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Published May 07, 2021
In a post-Brexit world, United Kingdom residents have a strong preference for diverse farm landscapes that include low-intensity livestock and trees, with a general dislike of wind turbines and crop monocultures.
This is according to a nationally representative survey study (2,050 participants) in which a University of Wyoming faculty member was involved. The mixed-methods approach also included a survey in which 80 U.K. residents participated in collage-creating workshops to understand aesthetic preferences for their perceived “ideal” and “environmentally friendly” farm landscapes. They each completed two collages and a short survey to explain their choices.
“The whole point of the paper was to build an understanding of what the U.K. public wants in the face of imminent, major changes in their land use/agriculture/environmental policies,” says Bethann Garramon Merkle, an assistant professor of practice in the UW Department of Zoology and Physiology, and director of research impacts assessment at UW’s Biodiversity Institute. “The U.K. used to be part of the European Union (EU), so it used to adhere to EU policies and incentive programs. Now, the U.K. government is tasked with developing a new policy framework. Now is the time to understand what the U.K. public wants prioritized in those policies.”
Merkle was a contributing author of a paper, titled “What Does the U.K. Public Want Farmland to Look Like?,” that was published April 15 in Land Use Policy. The international and interdisciplinary journal is focused on the social, economic, political, legal, physical and planning aspects of urban and rural land use.
Niki Rust, a research associate in the Centre for Rural Economy at Newcastle University in the U.K., was the paper’s lead and corresponding author. Others who contributed to the paper were from Newcastle University; the University of Cape Town in Cape Town, South Africa; and Environment and Parks, Government of Alberta in Canada.
While this particular study took place in the U.K., Merkle sees the research methods as useful closer to home.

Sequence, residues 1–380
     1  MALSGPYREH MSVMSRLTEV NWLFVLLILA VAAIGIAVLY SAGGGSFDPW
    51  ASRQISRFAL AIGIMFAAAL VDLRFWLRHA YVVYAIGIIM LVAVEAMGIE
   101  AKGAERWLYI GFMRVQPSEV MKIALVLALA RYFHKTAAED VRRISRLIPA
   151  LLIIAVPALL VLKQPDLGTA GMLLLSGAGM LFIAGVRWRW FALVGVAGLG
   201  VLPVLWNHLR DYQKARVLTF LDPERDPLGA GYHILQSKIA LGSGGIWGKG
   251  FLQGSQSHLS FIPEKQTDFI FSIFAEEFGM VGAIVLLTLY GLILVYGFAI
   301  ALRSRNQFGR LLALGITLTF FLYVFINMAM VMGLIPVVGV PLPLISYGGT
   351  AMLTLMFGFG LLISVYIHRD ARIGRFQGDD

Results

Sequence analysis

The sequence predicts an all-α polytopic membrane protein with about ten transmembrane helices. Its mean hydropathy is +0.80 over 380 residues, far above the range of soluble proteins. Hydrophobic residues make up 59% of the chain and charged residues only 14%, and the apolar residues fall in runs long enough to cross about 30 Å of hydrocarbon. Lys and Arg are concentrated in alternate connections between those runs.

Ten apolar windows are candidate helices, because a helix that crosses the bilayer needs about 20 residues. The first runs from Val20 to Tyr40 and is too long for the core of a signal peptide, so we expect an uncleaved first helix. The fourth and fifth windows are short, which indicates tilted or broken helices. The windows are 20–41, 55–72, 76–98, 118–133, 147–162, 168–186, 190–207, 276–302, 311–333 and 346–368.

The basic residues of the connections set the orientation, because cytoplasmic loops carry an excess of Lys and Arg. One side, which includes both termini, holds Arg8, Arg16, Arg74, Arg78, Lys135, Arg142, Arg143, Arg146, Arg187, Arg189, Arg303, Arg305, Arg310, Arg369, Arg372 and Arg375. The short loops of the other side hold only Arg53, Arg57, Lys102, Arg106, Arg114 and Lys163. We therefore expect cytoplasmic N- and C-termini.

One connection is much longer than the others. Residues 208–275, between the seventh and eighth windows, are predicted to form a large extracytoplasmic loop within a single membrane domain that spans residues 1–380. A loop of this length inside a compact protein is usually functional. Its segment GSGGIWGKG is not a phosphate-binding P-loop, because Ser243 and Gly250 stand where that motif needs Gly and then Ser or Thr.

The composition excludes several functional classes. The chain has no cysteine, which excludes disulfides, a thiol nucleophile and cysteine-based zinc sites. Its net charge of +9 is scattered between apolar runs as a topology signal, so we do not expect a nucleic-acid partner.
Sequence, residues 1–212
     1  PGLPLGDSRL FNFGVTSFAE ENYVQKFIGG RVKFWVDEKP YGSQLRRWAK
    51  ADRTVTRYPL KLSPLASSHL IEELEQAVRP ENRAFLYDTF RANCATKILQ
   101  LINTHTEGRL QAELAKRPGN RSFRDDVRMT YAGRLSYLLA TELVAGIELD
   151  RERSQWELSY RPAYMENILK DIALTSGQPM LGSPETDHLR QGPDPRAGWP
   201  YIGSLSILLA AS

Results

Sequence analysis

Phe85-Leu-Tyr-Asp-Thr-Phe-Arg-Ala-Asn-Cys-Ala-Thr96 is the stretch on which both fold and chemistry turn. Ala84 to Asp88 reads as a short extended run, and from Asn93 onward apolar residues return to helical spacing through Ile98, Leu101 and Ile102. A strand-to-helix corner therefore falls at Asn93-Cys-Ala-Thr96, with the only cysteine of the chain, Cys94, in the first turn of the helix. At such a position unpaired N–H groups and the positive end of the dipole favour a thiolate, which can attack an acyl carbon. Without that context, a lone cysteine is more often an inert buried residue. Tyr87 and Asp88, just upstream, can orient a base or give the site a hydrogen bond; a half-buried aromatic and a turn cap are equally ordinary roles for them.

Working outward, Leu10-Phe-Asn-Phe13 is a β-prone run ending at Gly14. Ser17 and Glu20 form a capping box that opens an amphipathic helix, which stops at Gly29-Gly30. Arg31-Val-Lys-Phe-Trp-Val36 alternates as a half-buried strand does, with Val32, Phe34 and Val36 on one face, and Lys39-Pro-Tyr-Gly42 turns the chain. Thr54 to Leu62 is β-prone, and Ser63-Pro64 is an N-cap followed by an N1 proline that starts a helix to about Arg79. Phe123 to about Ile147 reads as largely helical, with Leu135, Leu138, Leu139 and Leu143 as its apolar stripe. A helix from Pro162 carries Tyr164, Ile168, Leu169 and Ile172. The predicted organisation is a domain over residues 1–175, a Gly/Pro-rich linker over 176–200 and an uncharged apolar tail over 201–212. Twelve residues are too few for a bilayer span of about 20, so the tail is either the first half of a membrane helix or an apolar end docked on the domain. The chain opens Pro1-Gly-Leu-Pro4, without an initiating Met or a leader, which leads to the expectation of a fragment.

“I see it having a lot of relevance for us in Wyoming and North America broadly, as it uses a mixed-methods approach to better understand what citizens actually want to see on the landscape,” she says. “We are deep into these kinds of discussions in Wyoming right now, so these kinds of public consultation studies can be valuable for us, too.
“This study is a powerful example of the relevance and, I would even argue, necessity of using cross-disciplinary approaches to understand public opinion,” Merkle continues. “We used both a survey and a collage process, which provided a more robust understanding than if we had used either approach alone. Given UW President Ed Seidel’s interest in interdisciplinary work, this study is a valuable example of how that can be operationalized in ways that mutually benefit research efforts and public policy.”
For example, some participants in the collage exercise ideally liked to see livestock on farms. However, to make the same farms environmentally friendly, those same participants thought it would be better to have less livestock, more trees and renewable energy options, such as wind farms. Yet, they admitted that wind farms are not aesthetically pleasing to look at.
The U.K., as part of the EU, previously adhered to EU policies and incentive programs that provided subsidies to landowners and farmers based on the amount of land they managed. Now that the U.K. has separated from the Common Agricultural Policy, the U.K. government is tasked with developing a new policy framework for agriculture and farming.
Following the data collection and analysis phases of the study, Merkle was involved with theoretical, applied and art-science integration components of the research. The paper’s results found that facilitated, arts-based methods can be useful for visualizing public expectations and preferences.
“As indicated in the paper, it’s not exactly a surprising result, but there also isn’t a lot of quantified evidence that this approach is useful in the context we studied,” Merkle says. “So, finding that out is both helpful for methods/efforts in public consultation and also a valuable contribution to our understanding of how arts-based methods can be used to enhance more quantitative research methods.”
While political decision-making on farmland in the Mountain West does not quite have the same urgency as the current situation in the U.K., our region is experiencing two intersecting influences that make the process used in the U.K. study relevant here, Merkle says. First, farmers, public lands users, policymakers and researchers are all acutely aware that local ecosystems are changing rapidly. At the same time, federal land management and community consultation policies and approaches are shifting in step with the current administration’s priorities.
“For both of these reasons, our study can provide a potential model for how researchers, agencies and communities could work to understand what their stakeholders want to see in the landscapes of Wyoming and the Mountain West,” Merkle says.